Does taking a walk in the rain make me dedicated or crazy? Either way, I got some great shots of raindrops on leaves.
I’m not much of a drinker, but I love these photos. Aren’t the colors and textures great?
I trace circles on the photos using drinking glasses and cut them out.
Then I glue the circles into my journal.
Next, I punch out two sizes of dots.
I glue the dots onto the edges of the shapes, using the bigger ones on the smaller circle and vice versa.
I like what I’ve created so far. But the circles are floating by themselves. I add some lines to tie them together.
Then I draw wavy lines that anchor the circles to the page.
Next, I doodle a pattern of lines and circles to the connectors.
I draw some alternating half circles on the wavy lines.
Then I use short lines to fill them in. Doesn’t it look like a twisting ribbon?
I like the design so far, but it needs a bit of sparkle. I add some white dots, which help your eye move around the composition.
Supplies used in this journal spread (These are affiliate links. This means that if you click on the link and buy certain items, I will receive a small commission (at no extra cost to you) to help keep the lights on in the studio.)
On a recent hike at the Welsh Mountain Preserve, I found these small pools, they might be vernal pools, but I’m not sure. I had a lot of fun taking photos of the reflections in the water. I especially like where you can see both the reflected trees and the bottom of the pond. The painterly quality of the photos still delights me every time I look at them.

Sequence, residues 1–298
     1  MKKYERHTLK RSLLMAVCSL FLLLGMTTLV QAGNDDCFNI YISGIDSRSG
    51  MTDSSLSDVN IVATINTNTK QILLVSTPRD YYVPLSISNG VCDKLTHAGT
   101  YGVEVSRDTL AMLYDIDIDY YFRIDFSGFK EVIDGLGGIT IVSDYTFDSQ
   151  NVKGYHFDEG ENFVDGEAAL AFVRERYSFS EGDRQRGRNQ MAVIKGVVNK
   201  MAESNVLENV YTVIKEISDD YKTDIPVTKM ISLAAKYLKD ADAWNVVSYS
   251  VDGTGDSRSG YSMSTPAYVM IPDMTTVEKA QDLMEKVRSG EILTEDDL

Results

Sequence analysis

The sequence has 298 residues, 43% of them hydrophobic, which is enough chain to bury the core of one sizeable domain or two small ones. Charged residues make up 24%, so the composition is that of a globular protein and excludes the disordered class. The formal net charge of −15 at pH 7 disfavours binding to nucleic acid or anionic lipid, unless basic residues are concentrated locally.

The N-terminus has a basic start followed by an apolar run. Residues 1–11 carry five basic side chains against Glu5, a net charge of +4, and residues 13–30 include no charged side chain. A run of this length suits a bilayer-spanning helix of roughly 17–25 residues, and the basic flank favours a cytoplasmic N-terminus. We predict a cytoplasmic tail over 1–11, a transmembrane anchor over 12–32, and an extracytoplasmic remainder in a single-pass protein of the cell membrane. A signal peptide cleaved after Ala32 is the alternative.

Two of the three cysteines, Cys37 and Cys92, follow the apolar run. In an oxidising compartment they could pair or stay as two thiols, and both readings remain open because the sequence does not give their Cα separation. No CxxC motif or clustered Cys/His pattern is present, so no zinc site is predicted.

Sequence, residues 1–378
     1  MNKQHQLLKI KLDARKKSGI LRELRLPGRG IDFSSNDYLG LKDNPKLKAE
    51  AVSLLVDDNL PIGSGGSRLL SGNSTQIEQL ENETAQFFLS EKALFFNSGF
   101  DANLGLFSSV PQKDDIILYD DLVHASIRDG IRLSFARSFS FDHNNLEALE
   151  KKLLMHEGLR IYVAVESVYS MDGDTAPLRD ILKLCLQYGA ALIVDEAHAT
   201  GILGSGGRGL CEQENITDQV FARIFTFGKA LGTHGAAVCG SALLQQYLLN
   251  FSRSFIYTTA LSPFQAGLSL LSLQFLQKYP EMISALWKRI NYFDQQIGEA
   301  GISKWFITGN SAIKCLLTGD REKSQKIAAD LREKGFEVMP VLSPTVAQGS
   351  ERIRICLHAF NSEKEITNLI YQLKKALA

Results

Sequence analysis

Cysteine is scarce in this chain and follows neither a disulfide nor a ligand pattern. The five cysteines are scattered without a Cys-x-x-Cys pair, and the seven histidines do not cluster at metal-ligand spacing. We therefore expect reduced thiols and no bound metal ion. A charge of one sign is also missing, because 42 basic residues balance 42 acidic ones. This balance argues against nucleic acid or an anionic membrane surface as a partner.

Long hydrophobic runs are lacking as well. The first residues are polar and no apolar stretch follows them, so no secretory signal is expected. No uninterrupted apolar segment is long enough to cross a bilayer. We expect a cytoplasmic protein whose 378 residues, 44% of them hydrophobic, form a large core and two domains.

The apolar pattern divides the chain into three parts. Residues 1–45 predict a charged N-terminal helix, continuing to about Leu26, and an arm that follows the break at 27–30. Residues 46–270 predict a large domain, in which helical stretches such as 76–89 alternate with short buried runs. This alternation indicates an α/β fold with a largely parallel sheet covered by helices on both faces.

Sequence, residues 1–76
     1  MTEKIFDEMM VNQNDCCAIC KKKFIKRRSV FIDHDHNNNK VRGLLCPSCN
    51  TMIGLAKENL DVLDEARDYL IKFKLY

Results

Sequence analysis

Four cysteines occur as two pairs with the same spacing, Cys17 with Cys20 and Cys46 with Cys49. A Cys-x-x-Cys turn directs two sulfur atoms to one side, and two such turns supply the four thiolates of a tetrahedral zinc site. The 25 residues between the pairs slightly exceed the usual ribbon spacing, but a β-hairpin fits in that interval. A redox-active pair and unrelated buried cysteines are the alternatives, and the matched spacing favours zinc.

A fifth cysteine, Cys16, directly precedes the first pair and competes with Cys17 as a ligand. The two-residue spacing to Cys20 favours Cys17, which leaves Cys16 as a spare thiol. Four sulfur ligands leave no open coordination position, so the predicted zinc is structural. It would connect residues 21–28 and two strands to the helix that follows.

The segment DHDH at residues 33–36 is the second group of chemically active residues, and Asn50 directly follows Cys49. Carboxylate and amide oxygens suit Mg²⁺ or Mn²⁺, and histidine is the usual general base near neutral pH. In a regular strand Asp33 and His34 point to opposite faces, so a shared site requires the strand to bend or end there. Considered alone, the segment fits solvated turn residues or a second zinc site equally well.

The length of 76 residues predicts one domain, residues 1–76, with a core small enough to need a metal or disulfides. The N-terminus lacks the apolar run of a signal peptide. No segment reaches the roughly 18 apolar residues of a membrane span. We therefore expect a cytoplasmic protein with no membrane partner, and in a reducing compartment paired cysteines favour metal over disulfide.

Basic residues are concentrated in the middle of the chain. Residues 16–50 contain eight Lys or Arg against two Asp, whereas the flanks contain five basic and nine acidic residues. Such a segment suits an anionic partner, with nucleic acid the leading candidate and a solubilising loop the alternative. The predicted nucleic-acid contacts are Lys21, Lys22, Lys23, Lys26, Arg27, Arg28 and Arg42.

“Creativity is the way I share my soul with the world.” ~Brene Brown
I like to use my graphic design knowledge when I’m creating art journal spreads. The elements and principles of design are easy to learn. They can help you create pleasing layouts that express your ideas.
Line is the most basic design element. The types of lines you use can express different emotions and moods.
Types of Lines
Horizontal lines are quiet, calm, and relaxed.
Use vertical lines for strength, rigidity, or stability.
Diagonal lines are unbalanced, restless, or excited.
Curved lines are graceful, soft, and fluid.
Use zig-zag lines to express confusion, excitement, or nervousness.
Dotted or dashed lines are incomplete and allow objects to pass through them.
Use thick lines for boldness, strength, and emphasis.
Thin lines are fragile, delicate, or elegant.
Ways to Use Lines
Use lines to separate areas of your design.
Or to connect areas.
Use lines to create patterns or textures.
Lines can help lead the viewer’s eye through the page.
Now it’s your turn, create an art journal spread using line as a major element.